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Cross-Sectional Surveys

Last edited: January 06, 2020

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Cross-sectional surveys provide a snapshot of a population's characteristics and what is happening at any one moment in time. They can be population-based by carrying out household surveys through random sampling or they can be conducted with health services and schools. Special sampling techniques are required to conduct cross-sectional surveys that ensure proper sampling is conducted and that data are generalizable to a greater population. For implementing work on VAWG programmes, cross-sectional surveys can collect a variety of information including data on knowledge, attitudes and behaviors around VAWG, prevalence and drivers of VAWG in a community, information on barriers to disclosure and service access and data on social norms that support the continuation of VAWG.


Compared to other methodologies, cross-sectional surveys are generally easy and inexpensive and multiple surveys can be conducted to see trends over time. The key strength of cross-sectional surveys is that they can be used to understand what is really happening in the whole population and not just what is being reported. They are good for the purpose of doing a baseline or a formative study to really understand problems people are facing, which can then influence programming around the issue. For this reason, cross-sectional surveys can be very useful in conflict and post-conflict settings.


The challenge in cross-sectional surveys is that it can be difficult to determine causality because surveys are conducted retrospectively.  The survey asks respondent to think about a particular time in the past, which can be difficult to remember. For example, cross-sectional surveys cannot measure whether violence occurred before a conflict or whether the conflict caused the violence. To determine causality, a longitudinal study design may be better. However, in conflict and post-conflict settings, a complicated longitudinal research design may not be feasible, which makes a cross-sectional survey a practical method. Multiple cross-sectional surveys conducted across time will allow VAWG programmers to track changes in population-level indicators – such as knowledge, attitude and behavior questions – and can be an important tool for monitoring and evaluating VAWG prevention and risk mitigation programmes.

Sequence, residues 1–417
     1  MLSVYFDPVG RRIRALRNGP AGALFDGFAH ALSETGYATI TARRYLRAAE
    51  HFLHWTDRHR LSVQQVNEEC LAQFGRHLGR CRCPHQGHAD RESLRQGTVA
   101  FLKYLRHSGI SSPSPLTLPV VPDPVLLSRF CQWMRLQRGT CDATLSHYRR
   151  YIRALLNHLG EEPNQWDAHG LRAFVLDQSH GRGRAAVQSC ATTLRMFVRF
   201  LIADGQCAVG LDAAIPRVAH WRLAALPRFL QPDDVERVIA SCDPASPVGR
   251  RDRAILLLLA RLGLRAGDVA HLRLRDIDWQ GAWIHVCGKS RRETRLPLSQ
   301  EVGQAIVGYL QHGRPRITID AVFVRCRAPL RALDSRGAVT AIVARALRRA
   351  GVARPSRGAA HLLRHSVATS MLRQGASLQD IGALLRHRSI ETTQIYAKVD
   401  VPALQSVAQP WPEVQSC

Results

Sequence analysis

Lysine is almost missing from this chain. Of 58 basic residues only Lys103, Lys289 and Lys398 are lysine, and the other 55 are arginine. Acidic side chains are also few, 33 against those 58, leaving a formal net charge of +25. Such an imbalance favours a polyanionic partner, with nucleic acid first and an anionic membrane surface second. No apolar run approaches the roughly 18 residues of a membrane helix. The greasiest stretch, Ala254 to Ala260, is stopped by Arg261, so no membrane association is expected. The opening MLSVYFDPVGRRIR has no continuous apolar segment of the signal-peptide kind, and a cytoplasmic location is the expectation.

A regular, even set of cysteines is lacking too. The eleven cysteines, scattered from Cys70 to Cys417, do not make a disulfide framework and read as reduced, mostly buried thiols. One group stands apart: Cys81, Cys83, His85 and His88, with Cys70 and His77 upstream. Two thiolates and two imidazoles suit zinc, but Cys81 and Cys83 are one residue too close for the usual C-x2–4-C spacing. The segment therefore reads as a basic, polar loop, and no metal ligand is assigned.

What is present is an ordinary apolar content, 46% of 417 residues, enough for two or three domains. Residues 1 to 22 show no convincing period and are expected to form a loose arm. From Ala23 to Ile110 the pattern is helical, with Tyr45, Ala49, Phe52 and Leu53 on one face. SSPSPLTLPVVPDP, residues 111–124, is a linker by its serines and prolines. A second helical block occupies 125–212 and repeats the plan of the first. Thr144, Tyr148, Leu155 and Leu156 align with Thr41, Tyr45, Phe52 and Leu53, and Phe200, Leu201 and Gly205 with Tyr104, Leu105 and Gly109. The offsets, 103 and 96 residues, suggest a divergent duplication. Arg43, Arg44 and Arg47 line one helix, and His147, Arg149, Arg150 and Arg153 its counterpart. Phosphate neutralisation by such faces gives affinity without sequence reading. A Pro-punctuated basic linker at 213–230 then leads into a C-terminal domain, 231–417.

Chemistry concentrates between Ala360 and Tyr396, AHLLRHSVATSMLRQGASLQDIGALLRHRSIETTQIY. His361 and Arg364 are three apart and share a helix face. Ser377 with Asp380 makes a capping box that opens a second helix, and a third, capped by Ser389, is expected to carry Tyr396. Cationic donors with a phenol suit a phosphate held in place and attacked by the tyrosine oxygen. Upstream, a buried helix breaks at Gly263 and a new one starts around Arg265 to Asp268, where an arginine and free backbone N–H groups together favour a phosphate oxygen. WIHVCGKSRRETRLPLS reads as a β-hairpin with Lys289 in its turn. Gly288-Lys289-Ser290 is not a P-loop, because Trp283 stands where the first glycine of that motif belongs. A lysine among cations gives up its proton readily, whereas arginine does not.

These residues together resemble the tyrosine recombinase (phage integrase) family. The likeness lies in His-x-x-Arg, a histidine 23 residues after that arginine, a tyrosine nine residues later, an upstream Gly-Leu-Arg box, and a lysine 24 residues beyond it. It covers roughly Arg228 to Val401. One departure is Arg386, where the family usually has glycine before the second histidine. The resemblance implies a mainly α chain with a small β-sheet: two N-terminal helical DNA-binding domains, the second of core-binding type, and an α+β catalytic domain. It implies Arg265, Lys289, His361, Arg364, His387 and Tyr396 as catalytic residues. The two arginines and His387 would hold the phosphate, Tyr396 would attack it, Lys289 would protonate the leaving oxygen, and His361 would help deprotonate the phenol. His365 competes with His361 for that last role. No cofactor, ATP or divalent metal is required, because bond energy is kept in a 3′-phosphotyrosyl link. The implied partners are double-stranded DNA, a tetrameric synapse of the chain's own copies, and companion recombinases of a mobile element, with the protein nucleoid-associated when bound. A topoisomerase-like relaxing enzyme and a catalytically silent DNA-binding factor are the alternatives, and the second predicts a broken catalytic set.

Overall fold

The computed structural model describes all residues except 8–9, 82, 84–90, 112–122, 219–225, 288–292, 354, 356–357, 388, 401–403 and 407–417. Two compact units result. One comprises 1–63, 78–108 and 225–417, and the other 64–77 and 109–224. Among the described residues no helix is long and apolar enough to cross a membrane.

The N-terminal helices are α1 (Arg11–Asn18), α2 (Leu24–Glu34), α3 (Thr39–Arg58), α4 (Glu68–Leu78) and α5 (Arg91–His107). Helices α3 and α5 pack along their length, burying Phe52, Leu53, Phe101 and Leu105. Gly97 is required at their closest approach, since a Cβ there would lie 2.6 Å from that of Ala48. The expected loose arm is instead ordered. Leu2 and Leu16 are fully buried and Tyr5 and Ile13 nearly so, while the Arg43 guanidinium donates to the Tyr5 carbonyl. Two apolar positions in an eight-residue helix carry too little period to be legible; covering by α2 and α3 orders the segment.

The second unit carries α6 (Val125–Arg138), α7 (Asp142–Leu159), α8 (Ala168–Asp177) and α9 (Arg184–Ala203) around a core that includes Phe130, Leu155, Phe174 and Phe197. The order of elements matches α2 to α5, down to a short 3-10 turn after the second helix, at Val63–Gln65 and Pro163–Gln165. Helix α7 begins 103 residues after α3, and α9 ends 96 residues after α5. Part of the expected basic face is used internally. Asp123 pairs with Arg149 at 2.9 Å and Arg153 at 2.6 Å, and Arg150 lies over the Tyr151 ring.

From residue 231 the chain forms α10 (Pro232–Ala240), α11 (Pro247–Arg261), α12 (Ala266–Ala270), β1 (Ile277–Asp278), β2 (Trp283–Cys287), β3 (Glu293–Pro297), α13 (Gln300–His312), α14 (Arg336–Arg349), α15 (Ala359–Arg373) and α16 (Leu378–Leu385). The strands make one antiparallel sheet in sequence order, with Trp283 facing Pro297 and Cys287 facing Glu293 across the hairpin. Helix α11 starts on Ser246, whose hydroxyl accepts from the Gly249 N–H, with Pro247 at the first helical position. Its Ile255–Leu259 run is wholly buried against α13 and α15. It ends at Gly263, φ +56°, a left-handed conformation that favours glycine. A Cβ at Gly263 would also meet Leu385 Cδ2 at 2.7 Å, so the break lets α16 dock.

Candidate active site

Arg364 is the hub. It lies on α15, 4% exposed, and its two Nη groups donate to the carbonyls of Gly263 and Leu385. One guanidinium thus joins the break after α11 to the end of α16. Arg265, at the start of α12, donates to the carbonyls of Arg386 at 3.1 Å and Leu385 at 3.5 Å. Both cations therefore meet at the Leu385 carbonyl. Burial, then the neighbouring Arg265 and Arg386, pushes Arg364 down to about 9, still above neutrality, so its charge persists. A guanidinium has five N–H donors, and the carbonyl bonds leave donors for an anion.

Box 6: Use of a cross sectional study

The Global Women's Institute (GWI) at the George Washington University, in collaboration with the International Rescue Committee, CARE UK and Forcier Consulting, conducted a research study on GBV in South Sudan from 2014-2017 on behalf of the What Works to Prevent Violence against Women and Girls in Conflict and Humanitarian Consortium ('What Works'). The study's aims were two-fold: (1) to explore the magnitude and scope of the problem of VAWG in the South Sudan and (2) to help the international community better understand the connections between conflict and VAWG.


Findings from this research demonstrated that intimate partner violence was the most common form of violence reported by women and girls with about half to three quarters of ever-partnered women and girls having experienced IPV. Patriarchal societal norms that promote gender inequality (including men minimizing the occurrence of violence, and both men and women accepting the use of violence) were found to be common in all study sites. In addition, women and girls who had directly experienced armed conflict were more at risk of experiencing IPV. Respondents also reported that stigma against survivors of VAWG is high and women have little recourse, particularly for cases of IPV. Lack of confidentiality and poor-quality services also provided significant barriers to access.


These findings were shared with multiple stakeholders both in South Sudan and internationally and were used to inform prevention and response programming.


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